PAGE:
San Leo Off The Beaten Path Tips by von.otter Top 5 Page for this destination

San Leo Off The Beaten Path: 4 reviews and 20 photos

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Doorknockers of San Leo, June 2010 - San Leo

Doorknockers of San Leo, June 2010

Doorknockers of San Leo

“At last we arrived at San Leo. This castle of the ancient and powerful lords of Montefeltro was erected before the tenth century or thereabouts. It is seated on the top of a very elevated cone like the rock of the Appenines, and dominates all the neighbouring castles, opposite the hill on which is seated the ancient town and republic of San Marino.”
— from “Memoirs and Adventures of Felice Orsini” 1857 by Felice Orsini (1819-1858)

If you have doors, as we have seen that San Leo does, a doorknocker is needed.

I could only find two leo styled knocker (see photos #4 & #5), however.

Review Helpfulness: 2.5 out of 5 stars

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  • Updated Dec 20, 2012
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Impressions of San Leo, Italy, June 2010 - San Leo

Impressions of San Leo, Italy, June 2010

Impressions of San Leo

“The Italians practically live out of doors, and the fresh air and their naturally wholesome diet is their salvation. In the mountain districts they are bright, sturdy and strong, and though people at home do not generally realize it, our immigrants come mostly from these mountainous sections; for there are mountains in almost every part of Italy. But strong and healthy as the women are, they use their strength to the utmost. They give but a few days to childbirth, and a week finds them again doing their housework, and washing in the river; at the age of forty they are old and tired, while many of the upper classes, who have practically all the luxuries, remain young and handsome way into the sixties.”
— from “Italian Castles and Country Seats” 1911 by Tryphosa Bates Batcheller (1876–1952)

Here are some quirky impressions of the sweet little town of San Leo.

Photo #1 — The fleur-de-lys, called il giglio in Italian, is the symbol of Florence. This stone version is above the door of Palazzo Medici, which is not the Museum of Art in San Leo.

Photo #2 — A mailbox in the shape of a house.

Photo #3 — The papal triple tiara and the coat-of-arms of della Rovere family can be found on Palazzo della Rovere.

Photo #4 — A quaint lace curtain with ducks.

Photo #5 — von.otter stopping to smell the roses in San Leo.

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  • Updated Mar 22, 2011
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Coat-of-Arms of San Leo, June 2010 - San Leo

Coat-of-Arms of San Leo, June 2010

Coat-of-Arms of San Leo

“San Leo was not disappointing.”
— from “Wayfarers in Italy” 1901 by Katharine Hooker

It is a truth that even the smallest villages in Europe have its own coat-of-arms. I love these ‘logos,’ usually created from historic events taking place within, or nearby to, the village; or the town has adopted and adapted the coat-of-arms of a prominent noble family in or nearby to the village.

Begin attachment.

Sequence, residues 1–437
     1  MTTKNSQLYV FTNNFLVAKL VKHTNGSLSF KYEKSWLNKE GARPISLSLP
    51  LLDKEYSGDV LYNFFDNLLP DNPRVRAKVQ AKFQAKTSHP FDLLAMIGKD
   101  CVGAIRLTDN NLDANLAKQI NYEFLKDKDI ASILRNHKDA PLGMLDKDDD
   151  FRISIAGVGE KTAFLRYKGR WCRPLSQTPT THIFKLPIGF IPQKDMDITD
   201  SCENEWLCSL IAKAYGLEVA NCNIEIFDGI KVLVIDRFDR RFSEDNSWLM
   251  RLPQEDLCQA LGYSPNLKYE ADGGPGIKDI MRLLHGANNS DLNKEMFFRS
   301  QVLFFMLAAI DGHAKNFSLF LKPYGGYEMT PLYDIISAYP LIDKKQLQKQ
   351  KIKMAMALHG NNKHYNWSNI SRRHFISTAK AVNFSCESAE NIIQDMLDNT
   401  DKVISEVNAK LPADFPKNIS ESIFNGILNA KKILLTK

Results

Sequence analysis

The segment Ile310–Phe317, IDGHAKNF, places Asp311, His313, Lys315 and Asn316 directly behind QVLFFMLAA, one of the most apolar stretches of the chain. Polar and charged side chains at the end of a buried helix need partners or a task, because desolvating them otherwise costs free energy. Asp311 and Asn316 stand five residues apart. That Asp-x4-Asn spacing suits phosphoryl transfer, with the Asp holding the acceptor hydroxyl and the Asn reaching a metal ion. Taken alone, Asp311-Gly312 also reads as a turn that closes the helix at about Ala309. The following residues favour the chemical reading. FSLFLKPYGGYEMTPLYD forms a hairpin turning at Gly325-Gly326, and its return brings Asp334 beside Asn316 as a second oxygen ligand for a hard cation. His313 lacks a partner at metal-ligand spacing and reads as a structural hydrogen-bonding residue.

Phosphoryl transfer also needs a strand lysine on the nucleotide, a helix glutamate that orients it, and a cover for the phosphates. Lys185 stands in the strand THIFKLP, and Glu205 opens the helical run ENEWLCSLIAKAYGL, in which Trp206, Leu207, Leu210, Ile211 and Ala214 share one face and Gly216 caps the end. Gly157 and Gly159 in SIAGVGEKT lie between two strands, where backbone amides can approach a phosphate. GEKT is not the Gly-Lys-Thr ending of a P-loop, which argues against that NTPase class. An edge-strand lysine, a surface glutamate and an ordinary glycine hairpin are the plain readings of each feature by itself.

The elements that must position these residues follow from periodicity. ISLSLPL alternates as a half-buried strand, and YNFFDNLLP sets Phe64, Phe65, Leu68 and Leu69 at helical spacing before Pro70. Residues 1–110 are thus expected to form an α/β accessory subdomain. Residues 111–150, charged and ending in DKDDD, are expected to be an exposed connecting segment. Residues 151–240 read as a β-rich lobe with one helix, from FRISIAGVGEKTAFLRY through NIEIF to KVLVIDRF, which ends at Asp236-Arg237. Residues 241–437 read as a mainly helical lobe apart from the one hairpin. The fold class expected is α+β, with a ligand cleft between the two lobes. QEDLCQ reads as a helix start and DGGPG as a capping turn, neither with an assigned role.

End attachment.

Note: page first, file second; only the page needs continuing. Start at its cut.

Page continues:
For the coat-of-arms of San Leo, St. Francis of Assisi, preaching under an elm tree, appears on the left-hand side. To right of Our Saint is a black, two-headed eagle. The whole affair is topped by a crown and a scroll bearing the village’s 1902 motto: Vetusta Feretrana Civitas Invicta Sancti Leonis.

The reason for including St. Francis of Assisi is that Our Saint visited San Leo on a preaching mission in 1213. The reason for including the eagle is that during the friction between the Holy Fathers (the popes) and the Holy Roman Emperors, the village sided with the emperor.

Review Helpfulness: 2 out of 5 stars

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  • Updated Mar 15, 2011
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Doors of San Leo, June 2010 - San Leo

Doors of San Leo, June 2010

Doors of San Leo

“The Italian peasants grow old quickly because they begin life so young and work so hard. They are often married at fourteen, and by the time they are twenty have many cares, and already a numerous family. They have few, if any, of the luxuries of life, but they have what no poor of other countries have to the same extent — a glorious climate.”
— from “Italian Castles and Country Seats” 1911 by Tryphosa Bates Batcheller (1876–1952)

Wandering through the small village of San Leo, I was struck by the number of Roman-arched doors as entry ways to ordinary buildings.

Some of the door surrounds look quite old. These monumental entry ways lend a note of grandeur to another wise ordinary building.

Review Helpfulness: 3 out of 5 stars

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  • Updated Mar 7, 2011
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